The Revelation of God’s Grace
He was then basically sent away to study the Scriptures to get him out of the priests’ hair. Thus, Luther began to read the Bible, which was a first for him; priests did not read the Bible. Most couldn’t anyways since very few knew Latin and it was the only language in which the Catholic Church allowed the Bible to be translated into. Such edicts of the church were enforced through pain of death.
Interestingly enough, even though he had been raised in the Catholic Church his whole life, Luther pointed out later that he hadn’t even seen a Bible until he was about twenty years old.
Nevertheless, Luther had been educated and studied law before joining the monastery, and Latin was the language of law. It was while reading the Scriptures that his eyes would be opened.
As Luther read the Scriptures he began to wrestle with Paul’s words in Romans and Galatians. The words, “the just shall live by faith” perplexed him until, like a ray of light shining down on him from heaven, the Holy Spirit revealed its meaning:
Christ had taken our sins upon Himself at the cross. He took upon Himself the punishment due each one of us. Now he offers, through belief in Him and His work, complete forgiveness to those who turn to Him in faith. He justifies by faith the sinner who believes upon Him, having died in the sinner’s stead.
All have sinned and fallen short of the glory of God, yet in His mercy He went to the cross for us.
Luther saw the connection: Jesus Christ paid the price man could not pay through his own works, or law-keeping, or attempts at goodness—all have sinned and fallen short of the glory of God—one is justified freely only though through faith in Jesus Christ. (Romans 3:21-22)
However, it is by faith through grace alone that this free gift of eternal life is bestowed on each one who will accept it. (Ephesians 2:8-10)
Christ died that we might be justified, that is, made right with God, through simple belief in the work He did for us.
Suddenly he was given that life-changing revelation that Jesus died for him. Here he had been trying all this time to pay for all his own sins through all kinds prescribed rituals, trying to justify himself through his works, when Jesus had already done the work for him on the cross. This revelation broke on him like a wave crashing onto the shore. He now understood it.
In his own words he describes his experience:
“I greatly longed to understand Paul’s epistles to the Romans and nothing stood in the way but that one expression ‘The justice of God.’ Because I took it to mean that justice where…God deals justly in punishing the unjust. My situation was that though [I was] an impeccable monk, I still stood before God as a sinner, troubled in conscience, and I had no confidence that my merit would assuage Him. Therefore I did not love a just and angry God, but rather hated and murmured against him. Yet I clung to the dear Paul and had a great yearning to know what he meant.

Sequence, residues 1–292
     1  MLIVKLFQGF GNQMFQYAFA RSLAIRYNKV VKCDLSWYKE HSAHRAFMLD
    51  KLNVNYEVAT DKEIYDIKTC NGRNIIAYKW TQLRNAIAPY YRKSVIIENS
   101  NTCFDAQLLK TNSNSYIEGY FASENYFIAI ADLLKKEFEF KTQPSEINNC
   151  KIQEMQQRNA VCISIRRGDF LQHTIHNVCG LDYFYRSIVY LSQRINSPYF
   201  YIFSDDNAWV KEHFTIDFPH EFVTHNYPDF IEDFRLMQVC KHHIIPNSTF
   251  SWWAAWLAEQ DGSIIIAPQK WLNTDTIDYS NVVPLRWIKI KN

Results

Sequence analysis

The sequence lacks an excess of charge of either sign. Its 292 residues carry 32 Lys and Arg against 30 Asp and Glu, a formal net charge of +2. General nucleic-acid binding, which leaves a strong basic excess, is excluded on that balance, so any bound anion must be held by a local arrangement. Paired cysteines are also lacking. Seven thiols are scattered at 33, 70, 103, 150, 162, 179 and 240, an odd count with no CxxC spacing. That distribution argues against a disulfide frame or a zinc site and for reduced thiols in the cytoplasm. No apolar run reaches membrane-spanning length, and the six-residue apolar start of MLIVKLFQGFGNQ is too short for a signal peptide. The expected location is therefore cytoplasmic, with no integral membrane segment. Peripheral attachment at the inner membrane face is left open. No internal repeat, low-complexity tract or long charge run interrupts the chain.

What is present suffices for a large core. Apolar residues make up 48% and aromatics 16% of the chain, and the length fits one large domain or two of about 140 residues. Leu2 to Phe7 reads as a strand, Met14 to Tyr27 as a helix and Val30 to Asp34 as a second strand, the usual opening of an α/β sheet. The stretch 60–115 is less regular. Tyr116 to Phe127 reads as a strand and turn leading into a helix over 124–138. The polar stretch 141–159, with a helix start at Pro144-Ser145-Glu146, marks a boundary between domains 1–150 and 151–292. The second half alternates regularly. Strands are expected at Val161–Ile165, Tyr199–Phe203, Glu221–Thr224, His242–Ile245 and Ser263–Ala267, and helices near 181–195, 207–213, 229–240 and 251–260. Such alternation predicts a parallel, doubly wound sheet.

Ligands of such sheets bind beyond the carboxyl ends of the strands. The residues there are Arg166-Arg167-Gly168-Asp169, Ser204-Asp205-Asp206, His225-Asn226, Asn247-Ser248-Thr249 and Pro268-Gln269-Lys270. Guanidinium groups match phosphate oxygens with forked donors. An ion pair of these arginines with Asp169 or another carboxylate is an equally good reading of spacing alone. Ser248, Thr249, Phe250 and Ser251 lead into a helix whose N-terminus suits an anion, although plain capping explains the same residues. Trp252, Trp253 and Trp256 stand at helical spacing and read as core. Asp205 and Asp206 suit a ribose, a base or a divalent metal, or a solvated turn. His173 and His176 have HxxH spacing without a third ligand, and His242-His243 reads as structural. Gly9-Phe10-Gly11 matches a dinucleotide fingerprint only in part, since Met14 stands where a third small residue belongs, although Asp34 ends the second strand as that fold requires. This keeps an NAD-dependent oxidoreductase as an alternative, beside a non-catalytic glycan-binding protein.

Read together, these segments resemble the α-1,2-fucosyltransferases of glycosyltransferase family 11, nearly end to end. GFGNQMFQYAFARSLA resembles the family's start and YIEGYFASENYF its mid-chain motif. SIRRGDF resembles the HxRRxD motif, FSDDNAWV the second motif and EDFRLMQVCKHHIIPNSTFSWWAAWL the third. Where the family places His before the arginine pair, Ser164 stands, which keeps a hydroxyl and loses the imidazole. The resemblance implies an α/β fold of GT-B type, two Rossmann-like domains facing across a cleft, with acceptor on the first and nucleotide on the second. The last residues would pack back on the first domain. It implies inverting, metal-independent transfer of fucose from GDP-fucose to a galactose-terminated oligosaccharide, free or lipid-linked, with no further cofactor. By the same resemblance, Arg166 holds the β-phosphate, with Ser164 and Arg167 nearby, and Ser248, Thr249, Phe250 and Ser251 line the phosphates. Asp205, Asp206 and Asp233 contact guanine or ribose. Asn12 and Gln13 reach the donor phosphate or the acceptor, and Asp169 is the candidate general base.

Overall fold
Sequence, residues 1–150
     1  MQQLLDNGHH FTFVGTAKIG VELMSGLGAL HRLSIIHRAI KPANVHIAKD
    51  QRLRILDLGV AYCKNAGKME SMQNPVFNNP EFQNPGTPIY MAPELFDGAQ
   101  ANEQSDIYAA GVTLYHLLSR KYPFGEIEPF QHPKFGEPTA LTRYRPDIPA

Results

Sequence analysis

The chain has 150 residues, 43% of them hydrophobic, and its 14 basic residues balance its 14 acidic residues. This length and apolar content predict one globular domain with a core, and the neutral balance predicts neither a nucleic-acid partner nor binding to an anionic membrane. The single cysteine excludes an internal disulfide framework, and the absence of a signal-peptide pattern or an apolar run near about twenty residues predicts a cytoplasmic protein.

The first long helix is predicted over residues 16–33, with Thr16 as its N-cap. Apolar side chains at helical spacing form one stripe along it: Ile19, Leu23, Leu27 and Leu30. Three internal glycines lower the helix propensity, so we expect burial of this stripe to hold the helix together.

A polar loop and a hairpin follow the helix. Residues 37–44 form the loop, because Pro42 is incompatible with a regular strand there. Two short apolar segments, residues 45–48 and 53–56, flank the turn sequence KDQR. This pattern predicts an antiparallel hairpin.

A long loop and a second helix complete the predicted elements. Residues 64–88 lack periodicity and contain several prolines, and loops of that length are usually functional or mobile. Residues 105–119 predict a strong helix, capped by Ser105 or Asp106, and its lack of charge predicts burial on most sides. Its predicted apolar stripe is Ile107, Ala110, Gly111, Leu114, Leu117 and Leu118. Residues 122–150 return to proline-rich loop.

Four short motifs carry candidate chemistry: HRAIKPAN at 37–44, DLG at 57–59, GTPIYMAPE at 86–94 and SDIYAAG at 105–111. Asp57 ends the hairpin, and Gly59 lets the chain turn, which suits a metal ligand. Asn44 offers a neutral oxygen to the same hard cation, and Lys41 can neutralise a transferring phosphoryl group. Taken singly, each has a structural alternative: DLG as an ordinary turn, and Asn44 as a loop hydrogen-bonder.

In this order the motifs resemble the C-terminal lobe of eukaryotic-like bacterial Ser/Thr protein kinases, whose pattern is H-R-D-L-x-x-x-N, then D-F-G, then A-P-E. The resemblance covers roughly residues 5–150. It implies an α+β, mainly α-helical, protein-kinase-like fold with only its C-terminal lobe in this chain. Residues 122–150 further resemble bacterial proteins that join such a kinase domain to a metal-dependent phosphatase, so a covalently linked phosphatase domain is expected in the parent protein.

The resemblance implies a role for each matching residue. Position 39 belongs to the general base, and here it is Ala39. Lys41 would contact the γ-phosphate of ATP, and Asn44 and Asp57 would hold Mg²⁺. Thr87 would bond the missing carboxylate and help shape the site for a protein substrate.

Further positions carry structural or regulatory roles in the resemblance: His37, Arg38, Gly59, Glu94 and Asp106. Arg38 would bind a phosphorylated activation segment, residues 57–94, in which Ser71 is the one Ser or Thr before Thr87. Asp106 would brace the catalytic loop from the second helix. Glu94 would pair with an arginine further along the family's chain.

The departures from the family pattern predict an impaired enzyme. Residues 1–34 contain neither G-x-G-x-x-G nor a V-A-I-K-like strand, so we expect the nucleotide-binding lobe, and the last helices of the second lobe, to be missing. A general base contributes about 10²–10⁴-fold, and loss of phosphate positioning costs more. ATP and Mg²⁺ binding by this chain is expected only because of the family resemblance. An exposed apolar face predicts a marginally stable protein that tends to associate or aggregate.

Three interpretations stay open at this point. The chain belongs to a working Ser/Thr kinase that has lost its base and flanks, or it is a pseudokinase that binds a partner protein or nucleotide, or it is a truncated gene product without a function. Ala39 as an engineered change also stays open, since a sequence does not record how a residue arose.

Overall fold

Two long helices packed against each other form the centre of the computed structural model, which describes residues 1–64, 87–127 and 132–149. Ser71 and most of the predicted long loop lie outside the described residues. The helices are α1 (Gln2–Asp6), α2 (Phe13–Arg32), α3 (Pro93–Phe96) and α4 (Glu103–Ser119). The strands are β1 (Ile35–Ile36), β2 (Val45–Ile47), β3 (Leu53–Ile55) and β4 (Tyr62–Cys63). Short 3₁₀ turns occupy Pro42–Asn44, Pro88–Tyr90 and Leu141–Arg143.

Night and day I pondered until I saw the connection between the justice of God and the statement ‘the just shall live by faith.’
Then I grasped that the justice of God is that righteousness by which through grace and sheer mercy God justifies us through faith.
Thereupon, I felt myself to be reborn and to have gone through open doors into paradise. The whole of Scripture took on a new meaning and whereas before the ‘justice of God’ had filled me with hate [and dread], now it became to me a gate to heaven.
If you have a true faith that Christ is your savior, then at once you have a gracious God, for faith leads you in and opens up God’s heart and will, that you should see pure grace and overflowing love. This it is to behold God in faith that you should look upon his fatherly, friendly heart…” (3)
Having come into the revelation of God’s grace and being liberated from the condemnation of the law and dead works, Luther’s heart was transformed.
He had come to know the love and grace of God and he would not back down on the knowledge of that truth so clearly laid out in the New Testament, even when push came to shove, even when the shoving came from the pope and the emperor.
He took his stand on God’s Word and the grace and truth it revealed to him. It changed history then and shall do so again!
(1) James M. Kittelson’s preface in Luther the Reformer: The Story of the Man and His Career, quoting John Todd in Luther: A Life
(2) Yale scholar Roland H. Bainton, from the book Here I Stand: A Life of Martin Luther
(3) Here I Stand: A Life of Martin Luther by Roland H. Bainton.
Video: Martin Luther and the Reformation (Direct link: https://youtu.be/WDr66ITavlI)
Video: Martin Luther's Conversion (Direct link: https://youtu.be/AUncn84rr48)
Video: Martin Luther's Conversion (Direct link: https://youtu.be/AUncn84rr48)